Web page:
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September 14, 2014
September 14, 2014

A new panopticon over Europe: The development of migration policy and Fortress Europe

Author: Apostolis Fotiadis Translator: Anna Papoutsi
Source: Enthemata  Category: Borders
This article is also available in: elesfr
A new panopticon over Europe: The development of migration policy and Fortress Europe

"The Minotaur", Pablo Picasso, 1936

If one examines the political developments of recent months on migration issues, they will only reach alarming conclusions. Analysing them strengthens the suspicion that  European migration policy is approaching a moment of transformation, in which the defence of rights for immigrants at the institutional level will be turned into a battle for their mere existence.

The agreement between the outgoing Home Affairs and Immigration Commissioner Cecilia Malmström and the Italian Interior Minister Angelino Alfano in late August, for a new FRONTEX operation in the Mediterranean, caused mayhem with reporters and staffs trying for days to decode its character. An internal FRONTEX paper leaked to the Italian press on Thursday as a draft, essentially confirms much of the scepticism that existed about the objectives of a new European operation. In essence, it will not replace the operation Mare Nostrum, launched by Italy after the tragedy of Lampedusa last October. (Mare Nostrum is a military operation during which 115,000 people have rescued in central Mediterranean. There were 2,000 deaths in the same area but, without Mare Nostrum, there would have been many more). It will function in a complementary fashion, furthering the security doctrine promoted by the EU as a systematic policy of European external border control in recent years. FRONTEX prioritises the implementation of monitoring instruments and the use of the possibilities provided by the development of the electronic border surveillance system EUROSUR.

The issue, which is to rescue people at sea, rests again with Italy, if the operation Mare Nostrum continues. If Mare Nostrum is stopped, FRONTEX intends to expand its own operation, but with very limited objectives and in very limited geographical range around the European territory in the central Mediterranean – basically leaving unanswered what will happen to those who board boats in north Africa destined to Europe but do not get there. It is no coincidence that both Malmström and the Ministers of countries that will be involved in the operation (France and Italy) have minimised or eliminated from their public discourse the word “rescue” for several weeks now.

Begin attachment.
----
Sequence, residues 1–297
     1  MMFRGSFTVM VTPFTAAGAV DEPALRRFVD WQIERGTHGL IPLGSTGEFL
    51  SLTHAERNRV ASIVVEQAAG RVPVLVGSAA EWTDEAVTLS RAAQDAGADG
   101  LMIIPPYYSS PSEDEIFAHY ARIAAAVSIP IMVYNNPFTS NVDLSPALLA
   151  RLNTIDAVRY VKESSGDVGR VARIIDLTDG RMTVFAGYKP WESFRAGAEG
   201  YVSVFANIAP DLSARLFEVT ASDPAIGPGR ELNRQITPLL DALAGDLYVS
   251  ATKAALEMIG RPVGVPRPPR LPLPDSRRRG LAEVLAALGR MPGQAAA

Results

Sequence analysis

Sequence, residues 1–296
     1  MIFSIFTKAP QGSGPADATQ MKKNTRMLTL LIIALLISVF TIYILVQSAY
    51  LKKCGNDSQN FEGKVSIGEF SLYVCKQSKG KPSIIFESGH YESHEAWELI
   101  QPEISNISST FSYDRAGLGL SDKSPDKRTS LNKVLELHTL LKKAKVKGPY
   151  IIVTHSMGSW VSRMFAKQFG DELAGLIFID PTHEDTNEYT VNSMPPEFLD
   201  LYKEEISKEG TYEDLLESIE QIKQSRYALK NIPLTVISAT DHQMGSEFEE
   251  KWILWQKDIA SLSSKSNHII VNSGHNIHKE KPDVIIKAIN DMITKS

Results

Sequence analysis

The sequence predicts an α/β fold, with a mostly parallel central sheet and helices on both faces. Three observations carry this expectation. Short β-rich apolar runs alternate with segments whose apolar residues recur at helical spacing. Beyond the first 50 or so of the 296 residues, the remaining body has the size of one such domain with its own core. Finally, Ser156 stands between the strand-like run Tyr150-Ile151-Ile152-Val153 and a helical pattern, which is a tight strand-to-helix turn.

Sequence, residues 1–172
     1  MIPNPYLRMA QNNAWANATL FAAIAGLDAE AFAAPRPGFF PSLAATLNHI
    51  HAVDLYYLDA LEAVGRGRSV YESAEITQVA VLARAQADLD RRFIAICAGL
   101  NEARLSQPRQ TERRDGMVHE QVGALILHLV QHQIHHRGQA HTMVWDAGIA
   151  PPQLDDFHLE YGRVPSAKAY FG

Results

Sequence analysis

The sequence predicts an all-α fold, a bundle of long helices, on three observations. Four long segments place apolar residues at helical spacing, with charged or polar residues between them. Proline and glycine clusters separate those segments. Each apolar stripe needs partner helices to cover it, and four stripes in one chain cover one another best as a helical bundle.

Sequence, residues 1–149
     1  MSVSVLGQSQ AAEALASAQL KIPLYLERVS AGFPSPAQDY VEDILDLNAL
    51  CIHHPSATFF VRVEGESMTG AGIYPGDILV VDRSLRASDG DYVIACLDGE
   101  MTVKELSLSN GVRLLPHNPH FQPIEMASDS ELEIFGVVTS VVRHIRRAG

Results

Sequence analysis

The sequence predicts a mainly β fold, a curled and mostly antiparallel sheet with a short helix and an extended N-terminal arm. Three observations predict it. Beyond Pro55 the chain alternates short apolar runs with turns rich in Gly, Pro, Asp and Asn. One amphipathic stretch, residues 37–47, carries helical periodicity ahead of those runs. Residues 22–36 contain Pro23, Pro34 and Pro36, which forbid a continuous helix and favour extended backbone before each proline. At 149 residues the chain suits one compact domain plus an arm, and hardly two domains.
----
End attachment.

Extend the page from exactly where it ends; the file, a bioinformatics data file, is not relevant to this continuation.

What is happening in reality? Europe maintains the negative part of Mare Nostrum, the militarisation of migration controls, eliminating the positive aspects, namely rescuing refugees and migrants at sea and transporting them to European territory. In this way, the EU remains consistent with the two principles that have governed European migration policy for nearly a decade: the closure of the legal channels to Europe, which is the main reason for the increase in the intensity of the criminalisation of migration, and the continued militarisation of border controls.

With this option, Europe seems to insist in a stalemate that it has itself created. The dead-end is due to the failure of the third principle of the European doctrine of migration policy, which was the installation of a very rapid and efficient network of returns to countries of origin for a large number of those who manage to reach Europe. Unfortunately, the strategic minds of Brussels could not predict that the world would collapse around them when they made plans on paper, plans that cost lives every day.

European societies are, therefore, invited to walk the only road left so that the doctrine of Fortress Europe is not abandoned: creating an all-seeing system of control, based on sophisticated technological means, coupled with a policy of rejection of those attempting to reach Europe.

Essentially, with the development of European migration policy, the dream of an open liberal society risks meeting its nemesis, since, sooner or later, the scope of all this infrastructure will extend to the European population – always for their security. As for the fate of those who work hard so that the security of every European is not jeopardised, it is sufficient to look at the course of Mrs Malmström. After the excellent cooperation she has had with the military-industrial complex lobby, who, in their reports, refer to her as their “key interlocutor”, she is now taking over as Trade Commissioner, i.e. she is will essentially be the political handler of the negotiations for the Transatlantic Partnership Trade and Investment Agreement (TTIP), one of the most dangerous political choices of the EU elites.

Apostolis Fotiadis is a journalist and holds the blog and twitter account @Balkanizator

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